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Innovation, entrepreneurship and institutional change of China

  • School: Nottingham Business School

Overview

The proposed research aims to inform public policy concerning the role governments can play in fostering innovation in commercial enterprises. As part of the plan for post-Brexit Britain, the UK Government has spearheaded a new “modern industrial strategy” and published a Green Paper, Building our Industrial Strategy. At its core, the government wants to understand what role it should play in fostering innovation in commercial enterprises and how to help them develop into the next Arm Holdings. Four decades of laissez faire economics means that there is very limited data on industrial strategies in the UK. China on the other hand is a treasure trove of information. Previous research on this topic has been limited and the existing work do not differentiate between industries.

By looking within specific industries, we can compare like with like thus yielding results that are more accurate. Our research will focus on the data rich manufacturing and technology sectors to determine the magnitude and effectiveness of innovation between state owned enterprise and private enterprises.

In theory, differing characteristics of industries and ownership structures should result in differing levels of innovation efficiency. The existing research lacks the quantitative analysis and tests of the differing levels of innovation efficiency between the different industries. Although some studies have indicated that state-owned enterprises are more innovative than private enterprises due to: externalities in the generation of intellectual property; government encourages and guides the innovation of state-owned enterprises through intellectual property protection, greater resource allocation towards innovation and supply of fundamental knowledge; more effective in alleviating the problem of market failure in knowledge production (Choi et al 2011). However, most research concludes that state-owned enterprise innovation efficiency is lower than that of private enterprises, Hong Kong, Macao and Taiwan owned enterprises and foreign owned enterprises. The main reasons given are the following: Firstly, the principal-agent problem.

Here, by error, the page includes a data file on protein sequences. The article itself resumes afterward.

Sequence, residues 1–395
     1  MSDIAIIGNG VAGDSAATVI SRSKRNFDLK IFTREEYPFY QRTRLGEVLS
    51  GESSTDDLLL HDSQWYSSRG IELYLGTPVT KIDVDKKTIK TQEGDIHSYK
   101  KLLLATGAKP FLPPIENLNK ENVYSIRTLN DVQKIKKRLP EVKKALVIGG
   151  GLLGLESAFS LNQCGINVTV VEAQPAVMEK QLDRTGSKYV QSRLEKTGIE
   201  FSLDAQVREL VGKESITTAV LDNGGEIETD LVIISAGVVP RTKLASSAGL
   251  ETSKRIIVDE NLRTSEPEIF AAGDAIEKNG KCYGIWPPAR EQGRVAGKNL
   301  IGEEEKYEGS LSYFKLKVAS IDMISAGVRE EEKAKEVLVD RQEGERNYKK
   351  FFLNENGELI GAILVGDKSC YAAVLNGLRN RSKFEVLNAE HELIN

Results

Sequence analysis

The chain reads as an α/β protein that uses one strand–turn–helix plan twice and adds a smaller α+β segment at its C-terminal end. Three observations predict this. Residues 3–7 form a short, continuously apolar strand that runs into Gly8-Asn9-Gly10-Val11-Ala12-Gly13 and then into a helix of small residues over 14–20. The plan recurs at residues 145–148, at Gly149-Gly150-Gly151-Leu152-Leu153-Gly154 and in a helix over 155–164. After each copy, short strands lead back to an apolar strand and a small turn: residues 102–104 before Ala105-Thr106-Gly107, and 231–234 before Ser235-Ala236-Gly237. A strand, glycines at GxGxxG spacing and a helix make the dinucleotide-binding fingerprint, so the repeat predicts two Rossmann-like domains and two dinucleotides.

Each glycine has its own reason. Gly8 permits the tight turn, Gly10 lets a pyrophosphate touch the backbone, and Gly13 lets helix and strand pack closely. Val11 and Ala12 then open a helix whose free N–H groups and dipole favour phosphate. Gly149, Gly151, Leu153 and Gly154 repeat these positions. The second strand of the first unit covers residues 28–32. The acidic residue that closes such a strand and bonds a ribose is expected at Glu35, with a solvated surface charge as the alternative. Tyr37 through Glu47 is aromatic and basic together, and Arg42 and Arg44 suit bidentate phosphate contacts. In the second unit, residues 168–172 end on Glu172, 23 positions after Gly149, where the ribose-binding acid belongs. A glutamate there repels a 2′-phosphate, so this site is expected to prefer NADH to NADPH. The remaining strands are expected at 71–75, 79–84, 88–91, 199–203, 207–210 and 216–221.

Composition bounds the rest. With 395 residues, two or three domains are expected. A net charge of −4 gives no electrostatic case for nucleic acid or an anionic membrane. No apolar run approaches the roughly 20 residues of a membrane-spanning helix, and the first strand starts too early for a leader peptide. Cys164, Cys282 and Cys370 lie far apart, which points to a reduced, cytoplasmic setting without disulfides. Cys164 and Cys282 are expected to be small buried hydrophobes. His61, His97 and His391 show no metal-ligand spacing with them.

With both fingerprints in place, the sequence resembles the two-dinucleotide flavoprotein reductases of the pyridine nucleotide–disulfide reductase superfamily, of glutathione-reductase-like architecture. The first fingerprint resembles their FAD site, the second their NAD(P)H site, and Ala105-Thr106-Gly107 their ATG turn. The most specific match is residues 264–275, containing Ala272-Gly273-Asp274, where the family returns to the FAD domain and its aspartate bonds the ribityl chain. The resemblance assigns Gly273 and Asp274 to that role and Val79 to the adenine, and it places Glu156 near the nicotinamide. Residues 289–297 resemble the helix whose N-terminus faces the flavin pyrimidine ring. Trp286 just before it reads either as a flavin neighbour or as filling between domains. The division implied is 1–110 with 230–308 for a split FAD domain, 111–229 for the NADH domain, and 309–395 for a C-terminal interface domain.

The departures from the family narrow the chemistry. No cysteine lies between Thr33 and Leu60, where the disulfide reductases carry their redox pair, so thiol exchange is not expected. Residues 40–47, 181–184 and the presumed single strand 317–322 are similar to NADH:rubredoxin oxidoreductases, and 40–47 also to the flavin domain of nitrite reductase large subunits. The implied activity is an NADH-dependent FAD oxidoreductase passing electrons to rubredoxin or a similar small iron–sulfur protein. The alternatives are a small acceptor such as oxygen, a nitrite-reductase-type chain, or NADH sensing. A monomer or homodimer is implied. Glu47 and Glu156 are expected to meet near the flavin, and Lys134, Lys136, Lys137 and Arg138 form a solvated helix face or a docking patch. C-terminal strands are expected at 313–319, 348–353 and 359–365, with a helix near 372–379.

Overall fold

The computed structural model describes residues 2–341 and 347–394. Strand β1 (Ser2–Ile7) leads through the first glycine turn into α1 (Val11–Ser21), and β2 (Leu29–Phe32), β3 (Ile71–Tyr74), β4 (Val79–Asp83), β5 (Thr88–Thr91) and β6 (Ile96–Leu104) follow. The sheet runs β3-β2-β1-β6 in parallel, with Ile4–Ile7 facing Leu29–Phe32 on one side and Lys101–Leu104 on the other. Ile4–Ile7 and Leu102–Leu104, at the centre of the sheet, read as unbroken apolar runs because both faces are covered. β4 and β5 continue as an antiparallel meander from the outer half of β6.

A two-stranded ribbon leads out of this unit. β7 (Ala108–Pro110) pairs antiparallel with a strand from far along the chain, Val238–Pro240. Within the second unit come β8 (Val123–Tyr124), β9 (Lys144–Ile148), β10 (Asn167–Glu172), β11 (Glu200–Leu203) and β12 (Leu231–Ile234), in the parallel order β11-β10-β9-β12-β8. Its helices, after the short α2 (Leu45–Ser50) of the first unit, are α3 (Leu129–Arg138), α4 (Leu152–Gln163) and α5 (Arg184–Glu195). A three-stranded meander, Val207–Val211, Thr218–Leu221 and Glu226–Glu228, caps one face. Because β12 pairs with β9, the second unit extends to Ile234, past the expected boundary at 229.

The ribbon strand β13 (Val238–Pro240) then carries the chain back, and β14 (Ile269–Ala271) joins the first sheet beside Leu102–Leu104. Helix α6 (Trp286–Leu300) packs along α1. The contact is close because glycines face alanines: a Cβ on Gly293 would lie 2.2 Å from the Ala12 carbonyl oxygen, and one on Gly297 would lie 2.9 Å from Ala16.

The incentive and restraint mechanism of state-owned enterprise managers is imperfect, resulting in state-owned enterprise executives making decisions based on their own interests, ignoring the efficiency of their enterprise including innovation efficiency. This causes waste of state-owned assets and inefficient allocation of resources (Zhang 1997). Secondly, most state-owned enterprises adopt the pre-bureaucratic supervisory mechanism, which can easily lead to project selection error, and delay innovation. In addition, soft budget constraint can cause innovation efficiency loss (Qian & Xu 1998, Huang & Xu 1998).

References

Choi, S.B., Lee, S.H., Williams, C. 2011 Ownership and firm innovation in a transition economy: Evidence from China, Research Policy, 40 (3), 441-452.

Huang H., Xu C., 1998 Soft Budget Constraint and the Optimal Choices of Research and Development Projects Financing, Journal of Comparative Economics, 26 (1), 62-79.

Qian Y., Xu C. 1998 Innovation and Bureaucracy under Soft and Hard Budget Constraints, Review of Economic Studies, 65 (1): 151-164.

Zhang W., 1997 Decision Rights, Residual Claim and Performance: A Theory of How Chinese State Enterprise Reform Works, China Economic Review, 8 (1): 67-82.

Supervisors

Dr Zhongmin Wu

Entry qualifications

To be eligible to apply you must hold, or expect to obtain, a UK Masters degree (or UK equivalent according to NARIC) with a minimum of a merit, and / or a UK first class or 2.1 BSc (or UK equivalent according to NARIC) in a relevant subject.

How to apply

For more information about our PhD programme, and how to apply, please visit research degrees in business.

Please email the university's Doctoral School for an application pack.

For informal enquiries about this project, please email Zhongmin Wu.

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Zhongmin Wu